The National Film Registry. Whaaat a Duuuuuumpuh!
That quote is from Beyond the Woods, by the way. That film is not on the National Film Registry. But this one is, possibly because the dialogue is witty in a horrible way, or because the miracle of making Elizabeth freaking Taylor look frumpy was achieved, or because you don't usually see male characters with possible Borderline Personality Disorder portrayed on screen, or because it did break a lot of censorship barriers. It's not that it's a bad movie or a movie that I'm confused about it's presence on the Registry, like Deliverance. It's a very good movie. Who's Afraid of Virginia Woolf? is just a very unpleasant movie, especially if you've ever been intimately acquainted with anyone like George and/or Martha. Being around people who enjoy torturing others and punishing them for ill-defined infractions is draining enough, without also spending time watching them for two relentless hours. Though arguably, someone as slimy as Nick does deserve some level of it, but Honey being the innocent little "simp" that she is, she doesn't seem to have invited any of it. I suppose that's why she gets absolutely sloppy drunk, while everyone else manages to keep their heads to some level. The only way it can be tolerated watching this ineffectual little creature being torn to pieces is the idea that she probably will only remember vague unpleasantness in the morning.
So why watch them "all peel labels"? Well, it is a fascinating psychological profile. The dialogue is often blackly comic, and you sometimes wish you could be as witty as George when you're faced with someone like Martha. Because many of us know a Martha - a person who is deeply emotionally sadistic, but views themselves as the victim of unjust attacks if anyone says anything about it. But then George isn't much better - he is not as openly sadistic as Martha, but he is a master of passive aggressive jabs. And in this evening of Fun and Games, both of them manage to show off their talents in harming, and try out the other's specialty. I think everyone has had a feeling like Nick and Honey, where they've been trapped in a "party" where two people are having a nasty argument, and yet are insisting that everything is just fine and the night shouldn't be spoiled. This is "Horribly Uncomfortable Situations: The Movie". Which is better than "Awkward Pauses: The Movie" (also known as Twilight: memorably mocked by Rifftrax, as they demanded that someone say something).
This isn't a bad movie by any stretch. It's an excellent movie. It's just not a movie I enjoyed watching. I did not want to be around George, Martha, Nick, or Honey, and by realistically portraying loathsome or pitiable people, the movie succeeds admirably. But I find personally a major difference between recognizing a realistic portrayal, even a masterfully realistic portrayal, and a film I want to revisit. These are not people I want to spend more time with, because I have unfortunately been acquainted with these people, and have had my fill well before they came onto my screen. Maybe if I decide to write some big opus on mental illness in film, but even then, I'll just be studying, not enjoying. So this might be one to consider based on your own comfort levels and personal history. I will never say a word against its mastery of its subject, but its subjects are so hateful that one may not want to see them mastered.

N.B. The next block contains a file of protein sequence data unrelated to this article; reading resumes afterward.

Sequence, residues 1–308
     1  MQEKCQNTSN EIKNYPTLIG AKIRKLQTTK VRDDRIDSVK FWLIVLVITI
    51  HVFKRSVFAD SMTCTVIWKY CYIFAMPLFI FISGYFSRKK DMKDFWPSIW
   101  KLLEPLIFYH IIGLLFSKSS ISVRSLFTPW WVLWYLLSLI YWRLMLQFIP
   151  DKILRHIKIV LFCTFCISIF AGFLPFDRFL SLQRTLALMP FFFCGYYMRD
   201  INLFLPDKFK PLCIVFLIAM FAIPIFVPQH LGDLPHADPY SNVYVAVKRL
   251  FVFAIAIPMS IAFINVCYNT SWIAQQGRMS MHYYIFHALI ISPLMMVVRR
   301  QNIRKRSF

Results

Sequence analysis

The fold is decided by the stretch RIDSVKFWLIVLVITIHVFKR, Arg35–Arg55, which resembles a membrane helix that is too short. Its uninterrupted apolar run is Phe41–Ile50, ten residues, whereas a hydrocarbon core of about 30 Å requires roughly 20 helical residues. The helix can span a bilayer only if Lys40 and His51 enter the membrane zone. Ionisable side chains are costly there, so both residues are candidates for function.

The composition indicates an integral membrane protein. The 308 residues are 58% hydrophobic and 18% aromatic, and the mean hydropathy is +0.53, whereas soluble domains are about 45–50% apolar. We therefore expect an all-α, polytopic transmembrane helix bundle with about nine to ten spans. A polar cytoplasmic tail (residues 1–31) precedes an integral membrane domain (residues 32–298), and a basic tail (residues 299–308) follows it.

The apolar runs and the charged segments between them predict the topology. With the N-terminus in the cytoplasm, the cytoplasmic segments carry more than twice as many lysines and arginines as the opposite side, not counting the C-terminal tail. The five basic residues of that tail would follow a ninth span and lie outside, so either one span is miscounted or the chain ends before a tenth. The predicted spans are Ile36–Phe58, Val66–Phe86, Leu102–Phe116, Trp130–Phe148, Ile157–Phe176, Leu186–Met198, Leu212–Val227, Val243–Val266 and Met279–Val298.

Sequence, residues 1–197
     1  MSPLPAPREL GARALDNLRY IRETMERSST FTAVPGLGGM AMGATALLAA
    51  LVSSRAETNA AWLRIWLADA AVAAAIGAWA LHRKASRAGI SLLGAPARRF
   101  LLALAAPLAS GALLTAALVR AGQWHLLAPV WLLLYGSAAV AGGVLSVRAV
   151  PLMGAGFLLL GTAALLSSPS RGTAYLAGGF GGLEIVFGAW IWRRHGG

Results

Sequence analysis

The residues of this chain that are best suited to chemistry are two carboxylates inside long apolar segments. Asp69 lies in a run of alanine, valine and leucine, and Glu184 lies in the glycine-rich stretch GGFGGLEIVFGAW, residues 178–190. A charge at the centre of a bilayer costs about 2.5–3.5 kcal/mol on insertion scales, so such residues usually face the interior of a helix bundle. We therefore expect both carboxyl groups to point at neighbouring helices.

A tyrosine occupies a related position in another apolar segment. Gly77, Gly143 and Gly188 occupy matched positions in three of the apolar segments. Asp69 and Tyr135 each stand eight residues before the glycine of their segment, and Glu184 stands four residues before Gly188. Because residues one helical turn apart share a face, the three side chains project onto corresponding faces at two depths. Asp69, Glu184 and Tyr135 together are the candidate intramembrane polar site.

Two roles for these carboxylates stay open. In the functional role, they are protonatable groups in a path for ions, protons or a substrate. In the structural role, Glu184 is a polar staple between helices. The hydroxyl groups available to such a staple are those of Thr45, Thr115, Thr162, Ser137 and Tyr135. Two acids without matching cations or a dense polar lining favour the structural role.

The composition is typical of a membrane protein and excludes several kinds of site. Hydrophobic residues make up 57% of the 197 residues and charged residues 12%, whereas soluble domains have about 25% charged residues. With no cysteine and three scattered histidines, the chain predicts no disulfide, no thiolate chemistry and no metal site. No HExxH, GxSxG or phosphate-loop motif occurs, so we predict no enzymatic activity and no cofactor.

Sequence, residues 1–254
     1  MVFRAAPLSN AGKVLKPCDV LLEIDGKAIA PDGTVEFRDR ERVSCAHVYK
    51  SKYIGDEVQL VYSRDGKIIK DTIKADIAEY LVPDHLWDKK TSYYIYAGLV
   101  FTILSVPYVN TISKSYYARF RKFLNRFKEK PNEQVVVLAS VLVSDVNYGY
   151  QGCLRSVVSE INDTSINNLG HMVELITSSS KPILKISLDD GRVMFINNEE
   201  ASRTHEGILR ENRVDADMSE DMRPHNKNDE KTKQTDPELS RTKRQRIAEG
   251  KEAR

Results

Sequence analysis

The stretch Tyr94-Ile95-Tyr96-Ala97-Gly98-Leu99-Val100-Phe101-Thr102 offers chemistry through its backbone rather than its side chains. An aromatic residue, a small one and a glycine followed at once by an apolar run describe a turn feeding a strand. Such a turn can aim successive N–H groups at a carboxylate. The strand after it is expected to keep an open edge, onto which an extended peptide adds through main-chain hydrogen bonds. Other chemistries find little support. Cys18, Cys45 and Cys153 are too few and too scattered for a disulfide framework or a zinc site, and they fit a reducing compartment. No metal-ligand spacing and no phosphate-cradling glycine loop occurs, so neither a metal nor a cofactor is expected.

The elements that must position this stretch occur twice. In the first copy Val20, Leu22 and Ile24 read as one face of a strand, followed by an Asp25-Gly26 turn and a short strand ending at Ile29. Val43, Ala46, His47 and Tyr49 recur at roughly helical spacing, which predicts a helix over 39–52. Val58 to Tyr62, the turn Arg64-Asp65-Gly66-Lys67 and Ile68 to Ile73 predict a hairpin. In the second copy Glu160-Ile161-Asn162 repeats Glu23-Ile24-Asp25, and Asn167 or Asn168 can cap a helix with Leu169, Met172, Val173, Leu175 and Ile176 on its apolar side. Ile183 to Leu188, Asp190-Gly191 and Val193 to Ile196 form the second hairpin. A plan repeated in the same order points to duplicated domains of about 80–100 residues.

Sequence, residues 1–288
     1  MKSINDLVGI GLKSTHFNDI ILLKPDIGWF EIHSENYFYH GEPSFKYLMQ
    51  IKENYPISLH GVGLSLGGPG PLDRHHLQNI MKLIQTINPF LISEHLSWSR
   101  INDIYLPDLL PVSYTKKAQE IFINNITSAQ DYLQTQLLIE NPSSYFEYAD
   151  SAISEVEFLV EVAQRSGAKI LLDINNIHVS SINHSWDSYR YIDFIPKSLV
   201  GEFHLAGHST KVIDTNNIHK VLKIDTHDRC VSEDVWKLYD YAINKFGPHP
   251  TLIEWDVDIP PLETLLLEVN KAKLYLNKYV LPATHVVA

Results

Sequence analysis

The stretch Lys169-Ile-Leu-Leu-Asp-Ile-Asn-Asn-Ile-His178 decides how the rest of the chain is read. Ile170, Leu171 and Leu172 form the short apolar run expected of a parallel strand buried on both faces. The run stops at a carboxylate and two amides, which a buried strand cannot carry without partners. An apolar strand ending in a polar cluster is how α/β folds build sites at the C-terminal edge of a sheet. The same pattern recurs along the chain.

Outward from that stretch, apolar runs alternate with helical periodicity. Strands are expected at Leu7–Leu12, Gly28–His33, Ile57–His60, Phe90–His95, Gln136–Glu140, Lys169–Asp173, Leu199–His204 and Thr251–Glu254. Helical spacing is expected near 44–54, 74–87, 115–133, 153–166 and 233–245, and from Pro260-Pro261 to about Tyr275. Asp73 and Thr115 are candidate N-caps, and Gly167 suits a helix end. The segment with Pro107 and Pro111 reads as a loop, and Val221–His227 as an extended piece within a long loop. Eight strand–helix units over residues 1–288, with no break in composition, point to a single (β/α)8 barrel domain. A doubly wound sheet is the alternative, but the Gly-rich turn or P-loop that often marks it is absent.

Why do I review the National Film Registry? Because it's there.
And boy howdy, if this wasn't on the list, I would have given up watching it. My advice to my Facebook friends was "If you haven't watched Deliverance, don't". It wasn't just that this movie is upsetting because watching on-screen rapes is upsetting. It was that this movie is ugly, unpleasant, and nonsensical. It's that I have a sneaking suspicion that this movie still influences how many Northerners see Southerners, especially those of us from any sort of mountain country. The movie starts out okay, I suppose, with some nice shots of the river and by making canoeing look fun, but it also shows "Hey, look, inbred Southern hicks! Look how disgusting they are!". But hey, that inbred little guy plucks a mean banjo, and that old hillbilly still knows how to clog dance! But it's still at heart a freak show. I have no idea why it's preserved, since the movie is really only known for two scenes. Maybe three, if you count the dream sequence of the hand floating to the top of the lake at the end. Or one of the endings. This movie has almost as many endings as Return of the King, and at least the multiple endings of Return of the King were characters you wanted to spend time with.